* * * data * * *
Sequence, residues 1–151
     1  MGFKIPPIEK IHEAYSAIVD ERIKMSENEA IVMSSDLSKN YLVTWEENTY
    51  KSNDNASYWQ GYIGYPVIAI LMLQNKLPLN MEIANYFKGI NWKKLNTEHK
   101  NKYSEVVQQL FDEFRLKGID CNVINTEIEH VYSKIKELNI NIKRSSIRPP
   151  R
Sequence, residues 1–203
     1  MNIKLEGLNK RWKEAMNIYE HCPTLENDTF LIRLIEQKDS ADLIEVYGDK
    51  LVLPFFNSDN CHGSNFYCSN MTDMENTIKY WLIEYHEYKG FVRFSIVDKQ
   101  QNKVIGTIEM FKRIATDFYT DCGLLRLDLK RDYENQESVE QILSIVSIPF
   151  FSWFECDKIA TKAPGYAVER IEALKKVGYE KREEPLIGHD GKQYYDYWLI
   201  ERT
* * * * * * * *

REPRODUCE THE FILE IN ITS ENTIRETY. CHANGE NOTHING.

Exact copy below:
Sequence, residues 1–151
     1  MGFKIPPIEK IHEAYSAIVD ERIKMSENEA IVMSSDLSKN YLVTWEENTY
    51  KSNDNASYWQ GYIGYPVIAI LMLQNKLPLN MEIANYFKGI NWKKLNTEHK
   101  NKYSEVVQQL FDEFRLKGID CNVINTEIEH VYSKIKELNI NIKRSSIRPP
   151  R
Sequence, residues 1–203
     1  MNIKLEGLNK RWKEAMNIYE HCPTLENDTF LIRLIEQKDS ADLIEVYGDK
    51  LVLPFFNSDN CHGSNFYCSN MTDMENTIKY WLIEYHEYKG FVRFSIVDKQ
   101  QNKVIGTIEM FKRIATDFYT DCGLLRLDLK RDYENQESVE QILSIVSIPF
   151  FSWFECDKIA TKAPGYAVER IEALKKVGYE KREEPLIGHD GKQYYDYWLI
   201  ERT